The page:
Understanding Bank Routing Numbers and How to Locate Them

A bank routing number is a crucial nine-digit code that identifies a financial institution, such as a bank or credit union, for electronic money transfers, online payments, and direct deposits. Also known as a routing transit number (RTN) or an ABA routing number, this unique code, when combined with your account number, directs financial institutions on where to withdraw or deposit funds accurately.

While some smaller banks may have only one routing number, larger institutions may have multiple ones. At big banks, your account’s routing number typically depends on where you initially opened the account. Think of it as a zip code for your money, ensuring it goes to the right place.

Knowing your bank’s routing number is necessary when setting up electronic transfers for paychecks, tax refunds, or online payments from a checking or savings account. This number can be found on the bottom left-hand side of a paper personal check, along with your account number and check number.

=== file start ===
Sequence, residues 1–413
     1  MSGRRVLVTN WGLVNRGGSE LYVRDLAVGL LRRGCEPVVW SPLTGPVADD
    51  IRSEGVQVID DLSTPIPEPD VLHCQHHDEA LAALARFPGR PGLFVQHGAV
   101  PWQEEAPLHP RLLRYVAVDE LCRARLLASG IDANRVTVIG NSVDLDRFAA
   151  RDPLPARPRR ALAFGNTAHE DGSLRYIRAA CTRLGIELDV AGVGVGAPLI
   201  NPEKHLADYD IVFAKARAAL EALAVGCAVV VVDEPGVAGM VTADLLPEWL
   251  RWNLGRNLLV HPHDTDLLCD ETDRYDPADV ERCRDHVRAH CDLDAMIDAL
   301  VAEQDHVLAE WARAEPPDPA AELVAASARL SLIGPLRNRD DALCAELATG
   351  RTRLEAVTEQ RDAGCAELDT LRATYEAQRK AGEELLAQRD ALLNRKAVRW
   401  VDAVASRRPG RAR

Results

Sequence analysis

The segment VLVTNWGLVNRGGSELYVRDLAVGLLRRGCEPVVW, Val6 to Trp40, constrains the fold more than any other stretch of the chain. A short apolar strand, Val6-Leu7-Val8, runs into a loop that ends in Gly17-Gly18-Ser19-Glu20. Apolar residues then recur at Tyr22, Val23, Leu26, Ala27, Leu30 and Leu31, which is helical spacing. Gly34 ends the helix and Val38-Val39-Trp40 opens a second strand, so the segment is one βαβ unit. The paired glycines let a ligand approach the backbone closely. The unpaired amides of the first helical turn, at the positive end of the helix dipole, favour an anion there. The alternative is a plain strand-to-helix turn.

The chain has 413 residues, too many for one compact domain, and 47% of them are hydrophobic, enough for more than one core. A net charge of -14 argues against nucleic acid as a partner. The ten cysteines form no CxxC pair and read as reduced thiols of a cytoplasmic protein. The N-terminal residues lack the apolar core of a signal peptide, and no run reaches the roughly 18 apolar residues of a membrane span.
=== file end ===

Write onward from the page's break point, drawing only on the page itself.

If you don’t have a check available, you can also find your bank’s routing number through online banking, mobile apps, or on your monthly bank statement. The American Bankers Association (ABA) also provides an online lookup tool for finding routing numbers, with limits on usage.

Understanding and having access to your bank’s routing number is essential for seamless electronic transactions. Whether setting up direct deposits or making online payments, having this information on hand ensures that your money moves to the right place at the right time.